Off-Broadway Theater Review: BURIED CHILD (The New Group at The Pershing Square Signature Center)

by Dmitry Zvonkov on February 17, 2016

in Theater-New York

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BURIED BETWEEN THE LINES

In Scott Elliott’s surefooted staging of Sam Shepard’s imperfect Buried Child, watching Ed Harris sitting on a raggedy couch under an old blanket in front of a little TV while audience members shuffle into the house and settle in their seats is worth the price of admission. Mr. Harris melts into the role of Dodge, the decrepit head of a decrepit Illinois family living on a once prosperous but now defunct farm; we can almost smell the cheap whisky and old-man B.O. oozing from his pores as he waits for death to put him out of his misery. And we sympathize. His wife Halie (the excellent Amy Madigan, Harris’s real-life spouse), who lives in denial of the wretched reality around her, is stepping out on him with Father Dewis (an appropriately weaselly Larry Pine). His 40-something son Tilden (a wonderfully disquieting Paul Sparks) brings vegetables into the house, claiming to have picked them from their field, even though nothing has grown there in years. Not only does the slow-witted Tilden, who returned to Illinois after he got into some “trouble” in New Mexico, lack the sense to survive in society, but we get the feeling that left to his own devices he might well be capable of doing a lot worse than stealing corn from a neighbor’s farm.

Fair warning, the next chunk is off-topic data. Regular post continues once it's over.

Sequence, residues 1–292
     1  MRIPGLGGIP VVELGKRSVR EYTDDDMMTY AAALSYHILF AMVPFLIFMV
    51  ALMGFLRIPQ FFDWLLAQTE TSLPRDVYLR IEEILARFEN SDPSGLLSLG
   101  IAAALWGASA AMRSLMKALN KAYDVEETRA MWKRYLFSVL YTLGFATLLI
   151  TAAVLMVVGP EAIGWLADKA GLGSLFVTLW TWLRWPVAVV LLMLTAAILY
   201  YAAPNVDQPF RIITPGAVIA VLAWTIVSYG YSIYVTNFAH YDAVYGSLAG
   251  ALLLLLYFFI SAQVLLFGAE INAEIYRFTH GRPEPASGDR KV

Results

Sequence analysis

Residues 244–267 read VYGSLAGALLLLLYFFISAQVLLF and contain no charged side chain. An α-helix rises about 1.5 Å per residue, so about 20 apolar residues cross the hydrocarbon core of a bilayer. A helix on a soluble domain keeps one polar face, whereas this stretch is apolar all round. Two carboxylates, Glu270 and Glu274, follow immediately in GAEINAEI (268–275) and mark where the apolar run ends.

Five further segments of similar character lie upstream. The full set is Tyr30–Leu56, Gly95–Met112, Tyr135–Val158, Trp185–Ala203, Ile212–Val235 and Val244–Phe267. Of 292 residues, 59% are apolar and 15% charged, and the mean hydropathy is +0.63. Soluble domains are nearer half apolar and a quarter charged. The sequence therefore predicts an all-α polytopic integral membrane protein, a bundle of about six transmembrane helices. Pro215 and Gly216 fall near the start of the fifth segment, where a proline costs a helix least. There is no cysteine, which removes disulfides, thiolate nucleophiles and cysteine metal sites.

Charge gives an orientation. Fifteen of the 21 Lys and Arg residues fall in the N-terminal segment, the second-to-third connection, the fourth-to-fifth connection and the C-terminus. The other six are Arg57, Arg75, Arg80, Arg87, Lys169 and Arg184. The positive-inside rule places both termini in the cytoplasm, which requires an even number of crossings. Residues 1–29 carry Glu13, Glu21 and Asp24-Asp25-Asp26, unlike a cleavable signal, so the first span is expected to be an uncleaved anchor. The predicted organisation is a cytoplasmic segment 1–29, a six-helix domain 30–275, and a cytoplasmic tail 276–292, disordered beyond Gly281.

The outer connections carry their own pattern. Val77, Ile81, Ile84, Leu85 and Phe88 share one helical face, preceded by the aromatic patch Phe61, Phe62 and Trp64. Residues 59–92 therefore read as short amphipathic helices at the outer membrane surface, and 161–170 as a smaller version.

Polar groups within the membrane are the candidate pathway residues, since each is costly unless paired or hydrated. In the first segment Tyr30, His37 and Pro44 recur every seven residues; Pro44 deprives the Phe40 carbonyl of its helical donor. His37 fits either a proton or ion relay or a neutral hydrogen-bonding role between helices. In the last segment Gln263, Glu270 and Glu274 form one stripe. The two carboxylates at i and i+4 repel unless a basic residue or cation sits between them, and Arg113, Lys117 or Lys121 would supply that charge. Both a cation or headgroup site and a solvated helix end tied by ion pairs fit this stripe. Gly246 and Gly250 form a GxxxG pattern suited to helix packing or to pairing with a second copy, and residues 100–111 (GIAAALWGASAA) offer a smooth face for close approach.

Paul Sparks, Ed Harris, Amy Madigan in Sam Shepard’s “Buried Child,” directed by Scott Elliott, Off-Broadway at The New Group. Photo credit: Monique Carboni.

Then there’s Dodge’s younger son Bradley (played with the menace of a big wounded child by Rich Sommer), who lost his leg in a chainsaw accident, and who now has a penchant for shaving his father’s head whenever dad is asleep. Long the object of his family’s ridicule, now that he has grown into a giant, even with his prosthetic leg, he has become the house bully. The one “good” son Dodge and Halie had, upon whom the parents had piled all their hopes, died years ago, and it’s not unreasonable to suspect that it was his death that elevated him to the pedestal on which he now sits in the minds of his mother and family.

Ed Harris and Paul Sparks in Sam Shepard’s “Buried Child,” directed by Scott Elliott, Off-Broadway at The New Group. Photo credit: Monique Carboni.